MILLIONS of pounds of funding earmarked for nurseries is being left unspent – and vulnerable children could be among the worst affected.

Figures from the charity National Day Nurseries Association (NDNA) suggest three-quarters of councils are hoarding money intended to pay for free childcare, often using it to plug gaps in education funding elsewhere.

West Sussex County Council had one of the highest underspends in the country. The NDNA said last year, the county failed to spend £979,000 of Government money set aside to fund free nursery places for three and four-year-olds.

The council said it uses this money to “benefit the education of children across the county”, and said the remaining money would be used “to help the increased number of children in West Sussex with special educational needs and disabilities (SEND)”.

But The Argus has found that despite the council’s claims, children with special educational needs and disabilities could be hit the hardest by its underspending.

A spokeswoman for the NDNA explained: “While it’s good that West Sussex County Council are using this money to support children with SEND, it’s unclear exactly how much of this money will be supporting children in early years or helping nurseries to support these children.”

An NDNA spokeswoman said she understood councils are having to divert money to make up for a lack of central government funding. But she said “quietly moving money around” risks obscuring how sorely funding for both nurseries and SEND children is needed. “It means the scale of the problem is not flagged up to central government,” she said.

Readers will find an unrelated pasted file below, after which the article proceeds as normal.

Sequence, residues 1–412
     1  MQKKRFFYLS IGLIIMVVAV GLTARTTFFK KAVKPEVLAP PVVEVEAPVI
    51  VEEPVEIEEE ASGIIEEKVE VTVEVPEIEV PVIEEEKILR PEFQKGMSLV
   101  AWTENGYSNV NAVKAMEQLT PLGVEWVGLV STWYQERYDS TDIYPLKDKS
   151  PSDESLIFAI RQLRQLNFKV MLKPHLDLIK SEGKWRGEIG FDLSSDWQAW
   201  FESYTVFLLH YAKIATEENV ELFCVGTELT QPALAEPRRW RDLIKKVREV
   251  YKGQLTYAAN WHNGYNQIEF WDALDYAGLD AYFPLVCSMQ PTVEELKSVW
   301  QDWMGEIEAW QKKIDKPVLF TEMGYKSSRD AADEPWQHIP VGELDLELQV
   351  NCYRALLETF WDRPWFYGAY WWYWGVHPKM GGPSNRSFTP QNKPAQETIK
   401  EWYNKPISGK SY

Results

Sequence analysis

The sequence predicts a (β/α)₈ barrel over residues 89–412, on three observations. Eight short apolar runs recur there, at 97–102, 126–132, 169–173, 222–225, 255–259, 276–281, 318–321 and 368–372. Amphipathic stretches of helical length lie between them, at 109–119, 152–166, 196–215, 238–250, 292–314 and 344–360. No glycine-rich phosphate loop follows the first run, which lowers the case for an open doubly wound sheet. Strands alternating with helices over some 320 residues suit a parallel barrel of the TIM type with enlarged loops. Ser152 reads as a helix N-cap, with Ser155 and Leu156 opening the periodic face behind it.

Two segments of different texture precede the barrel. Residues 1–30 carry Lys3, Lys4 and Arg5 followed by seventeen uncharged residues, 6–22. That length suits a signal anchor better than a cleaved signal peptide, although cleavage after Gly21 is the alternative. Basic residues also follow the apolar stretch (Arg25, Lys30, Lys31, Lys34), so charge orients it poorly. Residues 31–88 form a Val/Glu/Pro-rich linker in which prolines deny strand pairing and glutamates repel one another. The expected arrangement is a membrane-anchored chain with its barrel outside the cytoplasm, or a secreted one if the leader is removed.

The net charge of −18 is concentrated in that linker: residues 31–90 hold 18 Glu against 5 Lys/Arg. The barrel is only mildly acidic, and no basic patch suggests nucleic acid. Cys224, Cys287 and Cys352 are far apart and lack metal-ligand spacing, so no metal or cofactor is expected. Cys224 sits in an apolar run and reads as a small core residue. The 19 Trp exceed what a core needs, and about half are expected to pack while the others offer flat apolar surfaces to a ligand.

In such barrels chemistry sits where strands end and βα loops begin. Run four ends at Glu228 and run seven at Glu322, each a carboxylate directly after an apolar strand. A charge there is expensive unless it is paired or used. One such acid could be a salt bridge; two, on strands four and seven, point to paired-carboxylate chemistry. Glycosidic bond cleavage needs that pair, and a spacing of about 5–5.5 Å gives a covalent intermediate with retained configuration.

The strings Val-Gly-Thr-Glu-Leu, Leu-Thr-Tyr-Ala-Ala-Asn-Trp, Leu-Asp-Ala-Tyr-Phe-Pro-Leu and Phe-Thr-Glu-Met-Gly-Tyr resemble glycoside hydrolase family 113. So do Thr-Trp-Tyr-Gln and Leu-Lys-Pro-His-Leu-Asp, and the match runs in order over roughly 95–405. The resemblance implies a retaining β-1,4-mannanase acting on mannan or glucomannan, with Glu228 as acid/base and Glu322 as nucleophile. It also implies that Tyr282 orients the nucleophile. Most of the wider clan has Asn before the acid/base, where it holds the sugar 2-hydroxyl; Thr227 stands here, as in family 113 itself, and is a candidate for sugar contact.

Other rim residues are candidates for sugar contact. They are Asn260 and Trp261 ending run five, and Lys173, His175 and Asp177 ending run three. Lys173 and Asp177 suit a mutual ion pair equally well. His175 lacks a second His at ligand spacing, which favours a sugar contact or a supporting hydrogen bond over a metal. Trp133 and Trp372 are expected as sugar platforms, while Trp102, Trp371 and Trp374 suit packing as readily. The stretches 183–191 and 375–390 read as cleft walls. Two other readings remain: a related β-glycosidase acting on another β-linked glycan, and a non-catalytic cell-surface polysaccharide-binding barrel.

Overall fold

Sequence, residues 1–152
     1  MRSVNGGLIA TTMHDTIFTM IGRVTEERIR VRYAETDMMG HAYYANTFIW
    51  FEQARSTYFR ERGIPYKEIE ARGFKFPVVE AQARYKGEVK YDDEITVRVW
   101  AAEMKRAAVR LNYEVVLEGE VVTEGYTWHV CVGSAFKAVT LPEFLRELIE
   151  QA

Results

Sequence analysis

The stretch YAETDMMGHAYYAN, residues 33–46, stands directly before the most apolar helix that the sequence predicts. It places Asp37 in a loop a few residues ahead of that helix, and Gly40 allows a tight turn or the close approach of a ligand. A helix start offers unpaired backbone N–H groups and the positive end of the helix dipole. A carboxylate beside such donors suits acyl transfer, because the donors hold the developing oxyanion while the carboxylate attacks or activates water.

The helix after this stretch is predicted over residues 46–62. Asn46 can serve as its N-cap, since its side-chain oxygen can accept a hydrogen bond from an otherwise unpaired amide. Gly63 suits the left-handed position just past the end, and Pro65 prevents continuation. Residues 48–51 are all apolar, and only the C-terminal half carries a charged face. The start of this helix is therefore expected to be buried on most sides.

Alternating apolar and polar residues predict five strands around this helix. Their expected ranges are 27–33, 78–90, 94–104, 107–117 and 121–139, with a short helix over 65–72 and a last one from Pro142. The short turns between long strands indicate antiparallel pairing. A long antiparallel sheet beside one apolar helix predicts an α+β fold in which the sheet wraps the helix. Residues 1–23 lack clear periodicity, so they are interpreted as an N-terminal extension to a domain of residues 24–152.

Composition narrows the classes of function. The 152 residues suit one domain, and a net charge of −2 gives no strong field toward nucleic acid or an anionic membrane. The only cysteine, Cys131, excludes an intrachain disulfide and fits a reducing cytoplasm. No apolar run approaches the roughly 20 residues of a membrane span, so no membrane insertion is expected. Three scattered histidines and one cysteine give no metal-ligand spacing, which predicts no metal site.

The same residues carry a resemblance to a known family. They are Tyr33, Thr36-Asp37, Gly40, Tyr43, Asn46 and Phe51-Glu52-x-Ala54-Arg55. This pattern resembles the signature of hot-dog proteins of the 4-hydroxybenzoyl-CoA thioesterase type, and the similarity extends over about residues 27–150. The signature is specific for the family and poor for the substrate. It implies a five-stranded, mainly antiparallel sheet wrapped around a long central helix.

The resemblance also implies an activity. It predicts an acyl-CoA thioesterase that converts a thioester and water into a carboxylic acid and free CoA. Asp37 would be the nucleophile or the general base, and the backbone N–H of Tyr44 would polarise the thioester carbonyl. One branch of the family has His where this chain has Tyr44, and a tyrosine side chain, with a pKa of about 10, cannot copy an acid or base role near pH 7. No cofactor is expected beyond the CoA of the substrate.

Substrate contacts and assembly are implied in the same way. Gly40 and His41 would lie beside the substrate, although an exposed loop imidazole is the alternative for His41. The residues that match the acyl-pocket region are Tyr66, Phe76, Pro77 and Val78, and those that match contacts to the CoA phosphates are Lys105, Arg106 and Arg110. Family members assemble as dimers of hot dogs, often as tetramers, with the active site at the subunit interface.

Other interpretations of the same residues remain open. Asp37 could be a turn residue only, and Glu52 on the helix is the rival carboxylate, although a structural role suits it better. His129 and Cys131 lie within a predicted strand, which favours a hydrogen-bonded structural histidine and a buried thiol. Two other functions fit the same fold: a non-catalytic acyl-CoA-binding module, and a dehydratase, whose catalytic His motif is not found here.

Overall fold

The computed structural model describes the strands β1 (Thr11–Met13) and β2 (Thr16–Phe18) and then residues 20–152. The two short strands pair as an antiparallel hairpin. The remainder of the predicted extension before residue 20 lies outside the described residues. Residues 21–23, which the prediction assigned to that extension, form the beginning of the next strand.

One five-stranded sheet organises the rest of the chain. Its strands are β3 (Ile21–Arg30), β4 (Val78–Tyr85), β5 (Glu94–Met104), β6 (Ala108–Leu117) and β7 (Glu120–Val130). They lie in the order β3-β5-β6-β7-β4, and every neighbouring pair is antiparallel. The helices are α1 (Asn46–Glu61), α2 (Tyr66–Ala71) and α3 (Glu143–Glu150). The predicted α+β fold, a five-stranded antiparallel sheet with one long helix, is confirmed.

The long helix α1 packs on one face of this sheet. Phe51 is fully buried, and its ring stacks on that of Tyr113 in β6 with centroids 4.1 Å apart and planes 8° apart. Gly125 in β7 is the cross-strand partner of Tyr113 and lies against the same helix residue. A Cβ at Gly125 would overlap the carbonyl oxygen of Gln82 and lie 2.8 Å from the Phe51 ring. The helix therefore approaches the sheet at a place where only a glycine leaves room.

On the ground, nursery staff say students with special educational needs and disabilities are losing out. Speaking anonymously, the manager of a nursery in Worthing said: “We are being told that children with special educational needs require extra attention, but we’re just not able to fund it.

“Recently we were told we didn’t have funding for a person to come in and support a child with autism. We needed staff to help them access the full curriculum. They would have needed support throughout the day, with an assistant to guide them through the timetable – but we were told we couldn’t afford it.”

She believes underspending is having a knock-on effect. She said: “The money we’re getting doesn’t fully cover nursery fees. This really affects working parents, and kids have to drop out. And as the living wage rises, there’s been no increase in funding, so it costs us more to run the nursery. We can’t keep going like this.”

A West Sussex County Council spokesman pointed out government funding per pupil in West Sussex “remains among the lowest in the country”. The council said 95 per cent of its £49.3m early years 2018–19 funding allocation went to nurseries and early years education, and said “much of the balance was used to fund early years specialist consultants in areas including speech and language therapy”.

A spokeswoman for the Government’s Department for Education said nationally, the unspent money accounts for less than one per cent of the budget for early years entitlements. But the department would not address the NDNA or West Sussex County Council’s concerns that it has been underfunding nurseries.